Additionally, there was a difference in the opinion on unrestricted educational grants (UEGs) between university settings (22.4% classified UEGs as COIs) and community settings (12.7%). This may reflect that university settings are more likely to be pharm-free. One might come to the conclusion that academic settings are then doing “better” with regards to COI than non-academic settings. Perhaps, but the overall results of the survey also show that neither setting is doing especially well in establishing clear guidelines. Also, academic settings are in a better position to effect change from the ground up by actually instituting formal COI curriculum.

Ms. Ross went on to emphasize that the stigma attached to the term “conflict of interest” must be thrown out. Conflicts of interest technically only refer to situations where there is risk of undue influence. Classifying a situation as a conflict of interest does not mean any transgressions have occurred. In other words, COIs do not necessarily need to be abolished (though specific kinds may be); there is simply a need for clear COI policies.

In fact, many conflicts of interest have positive aspects that ensure they are around to stay. An example is the industry financing of medical research. All three parties potentially benefit: industry may develop a new product, academia may discover an effective treatment, and ultimately the patient is the beneficiary. These benefits must be weighed and discussed openly against the main risk of the COI: the patient’s health may be influenced by the profit motive of industry. However, as long as this COI is disclosed and discussed openly, action can be taken to minimize risk.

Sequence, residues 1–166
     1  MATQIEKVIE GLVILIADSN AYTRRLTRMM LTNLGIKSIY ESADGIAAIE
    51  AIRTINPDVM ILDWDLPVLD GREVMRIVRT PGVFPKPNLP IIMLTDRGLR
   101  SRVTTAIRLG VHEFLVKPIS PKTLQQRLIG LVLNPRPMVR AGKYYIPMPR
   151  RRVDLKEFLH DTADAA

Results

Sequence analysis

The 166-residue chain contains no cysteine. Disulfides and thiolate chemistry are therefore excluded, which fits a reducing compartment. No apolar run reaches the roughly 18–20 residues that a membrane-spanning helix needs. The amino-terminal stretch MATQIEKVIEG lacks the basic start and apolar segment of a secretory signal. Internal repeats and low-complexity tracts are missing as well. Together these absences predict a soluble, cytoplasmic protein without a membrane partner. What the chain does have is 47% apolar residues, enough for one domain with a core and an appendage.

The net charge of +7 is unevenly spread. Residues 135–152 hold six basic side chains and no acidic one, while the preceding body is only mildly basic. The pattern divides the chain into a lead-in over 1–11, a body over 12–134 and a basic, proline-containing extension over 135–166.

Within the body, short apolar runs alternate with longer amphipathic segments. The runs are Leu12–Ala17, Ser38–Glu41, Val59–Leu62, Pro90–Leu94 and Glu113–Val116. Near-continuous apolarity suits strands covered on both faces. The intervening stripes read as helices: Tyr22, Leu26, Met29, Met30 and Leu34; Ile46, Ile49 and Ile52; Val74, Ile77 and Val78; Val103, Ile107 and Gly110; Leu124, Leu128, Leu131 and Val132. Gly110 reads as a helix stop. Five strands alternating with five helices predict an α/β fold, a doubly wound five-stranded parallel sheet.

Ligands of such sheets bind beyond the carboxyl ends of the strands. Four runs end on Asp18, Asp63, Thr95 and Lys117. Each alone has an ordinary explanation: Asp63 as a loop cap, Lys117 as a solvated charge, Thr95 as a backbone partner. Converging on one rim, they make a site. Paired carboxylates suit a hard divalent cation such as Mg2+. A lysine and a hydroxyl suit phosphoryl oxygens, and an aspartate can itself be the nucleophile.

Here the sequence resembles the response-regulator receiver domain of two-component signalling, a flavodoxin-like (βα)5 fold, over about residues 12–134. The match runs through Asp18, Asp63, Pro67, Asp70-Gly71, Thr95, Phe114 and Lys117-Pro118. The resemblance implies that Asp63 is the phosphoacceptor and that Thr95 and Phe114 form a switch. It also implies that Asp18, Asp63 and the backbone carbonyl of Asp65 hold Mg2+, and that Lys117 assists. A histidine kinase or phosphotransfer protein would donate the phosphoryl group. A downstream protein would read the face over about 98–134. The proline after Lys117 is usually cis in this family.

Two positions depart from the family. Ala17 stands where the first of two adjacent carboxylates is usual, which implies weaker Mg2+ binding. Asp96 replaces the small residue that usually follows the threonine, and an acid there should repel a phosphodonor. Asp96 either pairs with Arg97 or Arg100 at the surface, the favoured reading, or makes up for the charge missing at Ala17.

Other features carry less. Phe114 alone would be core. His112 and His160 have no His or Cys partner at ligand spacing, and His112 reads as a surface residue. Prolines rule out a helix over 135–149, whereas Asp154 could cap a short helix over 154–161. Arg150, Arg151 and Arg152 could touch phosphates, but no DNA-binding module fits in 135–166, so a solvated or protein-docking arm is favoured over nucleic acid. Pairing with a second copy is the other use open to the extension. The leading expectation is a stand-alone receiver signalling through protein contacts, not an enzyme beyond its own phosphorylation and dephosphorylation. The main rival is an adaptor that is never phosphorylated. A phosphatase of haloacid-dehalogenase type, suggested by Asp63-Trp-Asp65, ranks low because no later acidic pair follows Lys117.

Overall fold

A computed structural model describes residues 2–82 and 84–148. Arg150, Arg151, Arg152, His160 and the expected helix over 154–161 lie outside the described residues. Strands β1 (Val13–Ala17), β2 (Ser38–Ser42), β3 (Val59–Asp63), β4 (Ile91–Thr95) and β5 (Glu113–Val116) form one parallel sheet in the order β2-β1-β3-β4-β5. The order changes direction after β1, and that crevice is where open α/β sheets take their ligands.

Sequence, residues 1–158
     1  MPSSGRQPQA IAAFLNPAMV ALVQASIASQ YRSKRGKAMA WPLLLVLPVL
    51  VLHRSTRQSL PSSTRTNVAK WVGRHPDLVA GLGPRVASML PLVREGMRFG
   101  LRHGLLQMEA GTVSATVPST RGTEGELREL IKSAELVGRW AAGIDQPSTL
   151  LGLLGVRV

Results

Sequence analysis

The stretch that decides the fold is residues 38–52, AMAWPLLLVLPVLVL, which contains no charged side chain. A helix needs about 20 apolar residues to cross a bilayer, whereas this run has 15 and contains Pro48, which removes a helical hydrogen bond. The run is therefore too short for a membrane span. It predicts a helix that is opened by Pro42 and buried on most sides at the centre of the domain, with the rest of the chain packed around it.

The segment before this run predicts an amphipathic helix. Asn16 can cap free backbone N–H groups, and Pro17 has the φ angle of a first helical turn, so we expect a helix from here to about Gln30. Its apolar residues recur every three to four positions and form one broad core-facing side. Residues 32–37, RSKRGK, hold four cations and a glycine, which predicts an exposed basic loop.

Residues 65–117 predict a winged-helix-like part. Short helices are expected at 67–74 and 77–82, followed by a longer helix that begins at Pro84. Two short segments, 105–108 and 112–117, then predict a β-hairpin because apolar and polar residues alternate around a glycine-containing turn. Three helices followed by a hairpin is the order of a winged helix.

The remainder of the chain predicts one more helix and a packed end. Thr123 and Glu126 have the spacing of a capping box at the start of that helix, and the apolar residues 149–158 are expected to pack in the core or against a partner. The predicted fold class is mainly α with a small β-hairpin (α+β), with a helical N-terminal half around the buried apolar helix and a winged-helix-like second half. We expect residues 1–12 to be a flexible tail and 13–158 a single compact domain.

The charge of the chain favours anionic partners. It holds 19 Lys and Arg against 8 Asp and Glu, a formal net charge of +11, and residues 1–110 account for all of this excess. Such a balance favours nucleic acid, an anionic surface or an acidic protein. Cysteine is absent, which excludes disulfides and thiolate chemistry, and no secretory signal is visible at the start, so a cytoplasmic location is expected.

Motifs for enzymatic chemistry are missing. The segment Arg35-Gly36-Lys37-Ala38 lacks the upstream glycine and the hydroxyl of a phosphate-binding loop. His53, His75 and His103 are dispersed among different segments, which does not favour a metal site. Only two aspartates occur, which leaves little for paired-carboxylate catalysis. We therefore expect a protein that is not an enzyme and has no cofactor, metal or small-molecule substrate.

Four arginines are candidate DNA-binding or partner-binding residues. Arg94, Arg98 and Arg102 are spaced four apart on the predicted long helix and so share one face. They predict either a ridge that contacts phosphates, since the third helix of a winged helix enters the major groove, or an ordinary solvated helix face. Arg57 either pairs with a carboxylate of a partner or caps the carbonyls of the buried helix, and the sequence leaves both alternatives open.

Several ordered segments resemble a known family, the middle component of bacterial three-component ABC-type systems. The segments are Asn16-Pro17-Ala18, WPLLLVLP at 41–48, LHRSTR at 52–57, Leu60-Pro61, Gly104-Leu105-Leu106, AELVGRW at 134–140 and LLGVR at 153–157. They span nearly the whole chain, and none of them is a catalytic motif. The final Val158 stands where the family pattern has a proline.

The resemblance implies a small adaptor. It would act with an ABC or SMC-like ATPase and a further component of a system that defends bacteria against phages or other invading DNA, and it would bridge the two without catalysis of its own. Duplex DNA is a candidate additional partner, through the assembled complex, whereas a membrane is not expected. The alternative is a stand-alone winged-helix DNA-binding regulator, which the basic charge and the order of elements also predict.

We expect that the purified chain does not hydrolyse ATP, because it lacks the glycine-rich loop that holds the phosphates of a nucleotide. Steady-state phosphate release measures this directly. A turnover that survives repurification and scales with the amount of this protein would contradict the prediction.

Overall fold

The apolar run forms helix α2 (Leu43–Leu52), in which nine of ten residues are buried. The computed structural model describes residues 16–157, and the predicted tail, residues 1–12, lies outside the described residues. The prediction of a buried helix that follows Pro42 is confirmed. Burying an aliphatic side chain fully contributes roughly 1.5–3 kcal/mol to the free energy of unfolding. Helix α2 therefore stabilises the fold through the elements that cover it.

Therefore, in order to effectively deal with COIs, the first step is disclosure. However, evidence suggests even this basic first step is not always undertaken. In another study [2] a sample of 41 paid medical device company consultants was taken. From this number, 31 had published an article on their research. Of the 31 papers, 25 were randomly selected. None of the 25 articles published COI disclosure. This points to a need for a standard practice for disclosure. A standard practice would not only increase the rate of disclosure, it would also reduce the burden for disclosing. An indirect benefit is that this would create a larger data set on which to base policies.

Once disclosure practices are in place, the next step needed to address a COI is to assess the likelihood and severity of harm. As medical COIs usually involve patient health, this step is critical. Finally, one can determine if a COI needs to be prohibited outright or may be managed.

The timing of the meeting was serendipitously on point. Just two hours earlier, NPR and ProPublica began broadcasting the results of their “Dollars for Docs” investigation [3]. Under the recent Health Care and Education Reconciliation Act was included a law called “Physicians Payment Sunshine Provisions” where all pharmaceutical companies must disclose all financial transactions with physicians starting in 2012. Some companies have started doing this already, and the investigation tracked the payments. The investigators looked at 384 of the highest paid consultants and found that many had no board certification and many had allegations or convictions of professional misconduct. Additionally, several of the companies had recently settled massive lawsuits regarding the promotion of off-label drug use. While these examples may simply be “bad apples”, clearly this does nothing to placate public notions that industry may be “buying” or influencing doctors in unsavory ways. With better COI procedures in place, doctors and industry may hope to win back the trust of the patient.